By Martin Kelly
The Labour party is today embroiled in a tax avoidance row after it emerged a donation was structured in a manner that allowed the party to avoid paying hundreds of thousands of pounds in tax.
The controversy involves a donation of £1.65m given to Labour by one of its leading supporters, businessman John Mills who heads shopping channel company JML.
Mr Mills paid the donation in the form of shares which meant that Labour were able to keep the dividends without paying tax. According to Mr Mills, paying the donation in the form of shares was “the most tax efficient way” because it meant that Labour “get all the money”.
According to the Telegraph newspaper, leading accountants have calculated the cost to the UK Treasury of lost tax revenue is around £3/4m.
Mr Mills claimed the idea of donating using shares followed meetings with Labour party officials.
Speaking to the Telegraph, he said “It emerged … came out of a discussion I had with them about the best way of doing it.
“It is quite a good model. Labour has got people who deal with compliance and the legal side of all this. They are very sensitive nowadays.”
John Mills talking about the donation
The revelation is acutely embarrassing to Labour leader Ed Miliband who recently criticised large companies who failed to pay taxes in the UK. Speaking last month, Mr Miliband openly criticised internet giant Google saying it was “wrong” that the company had gone “to extraordinary lengths to avoid paying its taxes”.
Last month in Holyrood, the Scottish Labour party attacked global giant Amazon who it claimed had avoided paying corporation tax in the UK.
Claims that his own party had sought to avoid paying tax on donations comes at an awkward time for Mr Miliband who today [Thursday] will give a speech in which he is expected to confirm that Labour will not re-introduce welfare benefits, cut by David Cameron.
The revelation will also re-ignite the row over a controversial donation made to the Better Together campaign by the head of a company which was also found to have avoided paying tax.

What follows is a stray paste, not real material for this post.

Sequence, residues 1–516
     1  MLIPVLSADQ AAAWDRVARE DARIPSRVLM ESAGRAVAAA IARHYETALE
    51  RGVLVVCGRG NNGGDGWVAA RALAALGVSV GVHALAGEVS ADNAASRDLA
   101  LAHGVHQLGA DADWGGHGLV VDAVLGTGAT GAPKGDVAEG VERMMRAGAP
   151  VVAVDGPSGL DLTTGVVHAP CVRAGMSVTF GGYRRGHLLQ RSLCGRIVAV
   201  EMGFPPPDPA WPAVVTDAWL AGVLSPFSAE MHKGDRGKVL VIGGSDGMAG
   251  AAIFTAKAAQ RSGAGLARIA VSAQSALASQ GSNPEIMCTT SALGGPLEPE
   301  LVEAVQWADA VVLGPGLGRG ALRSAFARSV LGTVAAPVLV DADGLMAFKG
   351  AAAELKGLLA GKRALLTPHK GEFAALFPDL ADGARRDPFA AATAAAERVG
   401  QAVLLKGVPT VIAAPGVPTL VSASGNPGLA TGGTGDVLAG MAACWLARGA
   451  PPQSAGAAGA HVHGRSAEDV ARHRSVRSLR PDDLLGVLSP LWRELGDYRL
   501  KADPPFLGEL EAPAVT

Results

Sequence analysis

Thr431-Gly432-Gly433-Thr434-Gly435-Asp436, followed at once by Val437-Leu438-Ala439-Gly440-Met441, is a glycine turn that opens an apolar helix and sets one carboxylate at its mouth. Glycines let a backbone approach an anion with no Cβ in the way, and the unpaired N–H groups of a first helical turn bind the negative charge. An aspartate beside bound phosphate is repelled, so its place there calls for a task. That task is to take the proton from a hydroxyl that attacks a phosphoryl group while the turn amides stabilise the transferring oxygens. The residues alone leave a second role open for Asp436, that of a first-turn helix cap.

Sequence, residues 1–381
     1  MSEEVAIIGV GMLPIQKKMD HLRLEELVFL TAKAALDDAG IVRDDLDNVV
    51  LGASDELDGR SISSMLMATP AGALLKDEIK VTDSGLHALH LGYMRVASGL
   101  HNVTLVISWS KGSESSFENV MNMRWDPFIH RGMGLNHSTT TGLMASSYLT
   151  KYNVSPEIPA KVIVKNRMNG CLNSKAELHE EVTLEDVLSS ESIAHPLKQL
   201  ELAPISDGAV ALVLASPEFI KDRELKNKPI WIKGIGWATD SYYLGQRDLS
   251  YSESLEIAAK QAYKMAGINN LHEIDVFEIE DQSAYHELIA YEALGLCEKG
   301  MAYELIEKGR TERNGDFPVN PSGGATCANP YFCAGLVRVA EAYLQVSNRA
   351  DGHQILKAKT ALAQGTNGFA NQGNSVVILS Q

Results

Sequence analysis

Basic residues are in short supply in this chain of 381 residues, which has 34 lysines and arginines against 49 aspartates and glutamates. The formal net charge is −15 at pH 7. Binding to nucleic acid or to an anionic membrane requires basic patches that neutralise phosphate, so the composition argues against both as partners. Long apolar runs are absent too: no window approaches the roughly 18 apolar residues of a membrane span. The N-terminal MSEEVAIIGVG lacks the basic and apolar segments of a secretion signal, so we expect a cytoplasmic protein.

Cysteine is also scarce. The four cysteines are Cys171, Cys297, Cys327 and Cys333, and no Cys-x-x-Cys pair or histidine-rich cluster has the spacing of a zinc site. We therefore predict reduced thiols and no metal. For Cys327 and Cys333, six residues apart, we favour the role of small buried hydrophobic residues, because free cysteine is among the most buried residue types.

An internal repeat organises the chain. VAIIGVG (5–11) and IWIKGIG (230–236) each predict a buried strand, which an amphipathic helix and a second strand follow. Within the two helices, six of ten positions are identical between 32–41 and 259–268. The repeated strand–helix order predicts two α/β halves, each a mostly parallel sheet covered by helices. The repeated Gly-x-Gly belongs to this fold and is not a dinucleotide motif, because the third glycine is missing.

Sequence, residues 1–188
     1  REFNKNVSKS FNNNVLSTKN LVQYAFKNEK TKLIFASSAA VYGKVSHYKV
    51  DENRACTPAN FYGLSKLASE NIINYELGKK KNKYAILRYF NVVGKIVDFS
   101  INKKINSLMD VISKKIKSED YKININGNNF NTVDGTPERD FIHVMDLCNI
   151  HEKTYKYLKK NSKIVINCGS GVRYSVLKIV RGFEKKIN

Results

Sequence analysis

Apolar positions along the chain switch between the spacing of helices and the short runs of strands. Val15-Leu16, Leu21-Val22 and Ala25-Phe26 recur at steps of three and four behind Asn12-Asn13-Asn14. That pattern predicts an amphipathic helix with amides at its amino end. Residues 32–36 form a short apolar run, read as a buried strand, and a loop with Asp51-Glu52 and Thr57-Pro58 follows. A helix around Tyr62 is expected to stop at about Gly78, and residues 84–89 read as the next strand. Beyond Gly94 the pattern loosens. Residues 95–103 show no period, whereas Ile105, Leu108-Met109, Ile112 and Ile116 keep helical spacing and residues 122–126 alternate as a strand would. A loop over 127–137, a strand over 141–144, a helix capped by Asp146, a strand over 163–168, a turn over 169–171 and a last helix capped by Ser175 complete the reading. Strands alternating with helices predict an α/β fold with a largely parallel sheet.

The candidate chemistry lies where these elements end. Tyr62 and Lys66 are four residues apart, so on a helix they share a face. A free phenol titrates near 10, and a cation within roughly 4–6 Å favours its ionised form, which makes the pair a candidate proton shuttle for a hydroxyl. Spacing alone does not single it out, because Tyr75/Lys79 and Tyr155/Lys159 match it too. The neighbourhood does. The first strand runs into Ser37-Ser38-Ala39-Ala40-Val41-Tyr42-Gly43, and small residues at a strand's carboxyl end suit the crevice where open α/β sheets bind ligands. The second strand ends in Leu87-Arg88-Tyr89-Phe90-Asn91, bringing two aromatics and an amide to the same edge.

Ian Taylor, whose company Vitol used a controversial EBT system over a decade to avoid paying millions to HMRC, gave the anti-independence Better Together campaign £500,000. The donation caused controversy after it emerged that not only had his company avoided paying tax, but it had also paid a former Serbian war criminal one million dollars.
Days after Better Together revealed Mr Taylor as their biggest donor, details emerged relating to his company Vitol, which opponents claimed brought the acceptance of the donation into question.
It emerged that the company had links to extreme Middle East regimes and had paid $1 million to a former war criminal in order to secure an oil deal. It also emerged that Vitol paid some employees through a tax avoidance scheme, so-called Employee Benefit Trusts.
The scheme allowed the company to avoid paying tax on UK employees’ salaries. In December 2012, it emerged that Vitol was engaged in negotiations with HMRC in order to reach a settlement on paying off the outstanding tax bill.
Speaking to the Sunday Times following the tax avoidance revelations, Ian Taylor said: “We will have to pay something. We will work hard to do what is best for our employees, but we must abide by the legislation – and we will.”
Mr Taylor, who became the Chief Executive of Vitol in 1995, has previously made substantial donations to the Conservative party, and attended a private dinner with Prime Minister David Cameron at Downing Street in November 2011.
The Labour MP John Mann, a member of the Treasury Select Committee, described Mr Taylor’s donations to the Tory Party as “dirty money” and called on Mr Cameron to hand it back.
Despite Labour attacking Mr Taylor’s donation to the Tories, Better Together has refused to hand back the money given to it by the Vitol Chief Executive with Labour MP Alistair Darling, who heads the No campaign, saying he was “pleased” to have the support of the Conservative party backer.